Bunyoro Assumes Empaako Tradition Conservation Project

1757 Views Hoima, Uganda

In short
In the tradition, children are given one of twelve names shared across the communities in addition to their given and family names. Common among the Bunyoro, Batooro, Batuku, Banyabindi and Batagwenda communities', the tradition was recently inscribed by the United Nations Educational, Scientific and Cultural Organization, UNESCO as an intangible heritage in need of safeguarding.

Bunyoro Kitara Kingdom has partnered with the Cross-Cultural Foundation of Uganda (CCFU) to preserve the Empaako tradition, a naming system practiced by several communities in western Uganda.

In the tradition, children are given one of twelve names shared across the communities in addition to their given and family names. Common among the Bunyoro, Batooro, Batuku, Banyabindi and Batagwenda communities', the tradition was recently inscribed by the United Nations Educational, Scientific and Cultural Organization, UNESCO as an intangible heritage in need of safeguarding.

The Partnership started with a Memorandum of Understanding signed on Thursday through which, CCFU will pilot a three month Empaako Heritage Conservation Project in Bunyoro.  Bruhan Kyakuhaire, the Kingdom Minister of culture signed on behalf of the kingdom while Emily Drani, the CCFU Executive Director signed on behalf of her organization.

Drani says CCFU will support the Empaako pilot project in Bunyoro with Ugx 9million.The money among others will be spent on proving indigenous tree seedlings to the foresters,  mobilization and setting up mini nursery beds for trees to distribute in schools and homes for planting at the naming of every new born.

According to Drani, the organization will support selected private foresters in the kingdom to plant at least two acres of forests and give them Empaako (Peti-names). Twelve forests will be planted as per the 12 pet-names in Bunyoro and Tooro. Drani reveals that the initiative was prompted by the kingdom proposal to have the Empaako conserved since it was under threat from some religions and foreign cultures.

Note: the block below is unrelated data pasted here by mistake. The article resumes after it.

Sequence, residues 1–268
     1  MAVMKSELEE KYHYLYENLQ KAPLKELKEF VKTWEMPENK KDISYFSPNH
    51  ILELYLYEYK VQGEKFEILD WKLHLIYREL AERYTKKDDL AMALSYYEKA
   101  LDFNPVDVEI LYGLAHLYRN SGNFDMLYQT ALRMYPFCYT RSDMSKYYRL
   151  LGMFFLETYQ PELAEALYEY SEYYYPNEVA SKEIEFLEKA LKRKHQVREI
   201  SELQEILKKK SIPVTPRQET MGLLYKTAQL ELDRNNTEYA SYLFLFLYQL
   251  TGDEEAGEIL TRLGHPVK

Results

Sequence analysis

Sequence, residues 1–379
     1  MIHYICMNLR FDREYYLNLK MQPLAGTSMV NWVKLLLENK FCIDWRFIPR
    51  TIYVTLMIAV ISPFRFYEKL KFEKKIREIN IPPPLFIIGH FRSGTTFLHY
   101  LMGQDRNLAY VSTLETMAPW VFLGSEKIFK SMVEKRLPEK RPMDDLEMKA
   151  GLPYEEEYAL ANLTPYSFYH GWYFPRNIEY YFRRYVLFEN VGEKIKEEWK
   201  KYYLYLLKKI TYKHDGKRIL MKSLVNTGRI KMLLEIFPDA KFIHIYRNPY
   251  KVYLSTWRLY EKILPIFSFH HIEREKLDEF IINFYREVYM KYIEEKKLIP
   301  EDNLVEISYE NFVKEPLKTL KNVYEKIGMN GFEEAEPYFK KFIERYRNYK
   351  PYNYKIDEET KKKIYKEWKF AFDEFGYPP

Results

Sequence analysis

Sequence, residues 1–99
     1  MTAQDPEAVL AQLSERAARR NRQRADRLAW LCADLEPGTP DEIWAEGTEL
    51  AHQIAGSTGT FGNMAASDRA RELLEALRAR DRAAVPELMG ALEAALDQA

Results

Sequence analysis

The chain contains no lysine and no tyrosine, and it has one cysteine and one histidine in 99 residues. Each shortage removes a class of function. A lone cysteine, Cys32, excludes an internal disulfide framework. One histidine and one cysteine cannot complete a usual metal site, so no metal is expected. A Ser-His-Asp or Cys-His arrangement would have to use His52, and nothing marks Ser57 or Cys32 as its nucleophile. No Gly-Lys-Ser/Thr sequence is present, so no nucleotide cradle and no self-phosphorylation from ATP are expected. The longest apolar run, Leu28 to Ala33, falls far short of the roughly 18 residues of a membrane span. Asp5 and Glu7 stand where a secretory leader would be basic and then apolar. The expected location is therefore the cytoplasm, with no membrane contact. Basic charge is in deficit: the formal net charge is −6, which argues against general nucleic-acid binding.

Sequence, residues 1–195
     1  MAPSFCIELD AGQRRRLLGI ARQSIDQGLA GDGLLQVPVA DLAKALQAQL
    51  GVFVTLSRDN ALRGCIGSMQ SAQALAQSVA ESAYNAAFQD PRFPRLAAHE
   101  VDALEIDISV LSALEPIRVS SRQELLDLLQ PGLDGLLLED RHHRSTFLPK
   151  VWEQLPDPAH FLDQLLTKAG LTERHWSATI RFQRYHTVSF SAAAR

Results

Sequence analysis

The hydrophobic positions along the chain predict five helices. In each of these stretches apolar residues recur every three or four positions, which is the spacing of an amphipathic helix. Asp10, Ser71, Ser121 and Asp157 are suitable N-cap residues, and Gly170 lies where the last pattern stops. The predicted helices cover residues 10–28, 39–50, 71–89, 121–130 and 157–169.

The CCFU Executive Director says on top of preserving Empaako, giving forests pet-names will partly guard against the rampant forest degradation, as people will identify and respect forests with which they share a pet-name.
 
//Cue in: "Many of…
Cue out: …trying to protect."//
 
She adds that CCFU is implementing a similar project in Aryek Chiefdom and Alur Kingdom. She explains however that in the two kingdoms they are promoting the preservation and growing of Shea Butter Tree, which produces oil used to anoint kings.

Blasio Mugasa, the Bunyoro Kingdom deputy Prime Minister says CCFU's intervention has come at the right time, as the Empaako tradition is under threat from some religious sects and immigrants. Believers of the Faith of Unity founded by Desteo Bisaka do not possess Empaako, as they regard it as satanic.

Bunyoro culture Minister Bruhan Kyokuhaire says Empaako remains of much cultural relevance in Bunyoro and Tooro because it is used to accord honor and love.

//Cue in: "It may be…
  Cue out: ….for greeting."//
 
The need to recognize the Empaako tradition, prior to the intervention by UNESCO was first initiated in 2011 by Engabu Za Tooro (EZT), a cultural organization in the Rwenzori region. It followed a research carried which indicated that the tradition was under threat from various groups especially cults which prohibited believers from greeting using the pet name. They associated the name to the demi- gods.

According to UNESCO, it was established that Use of Empaako can defuse tension or anger and sends a strong message about social identity and unity, peace and reconciliation.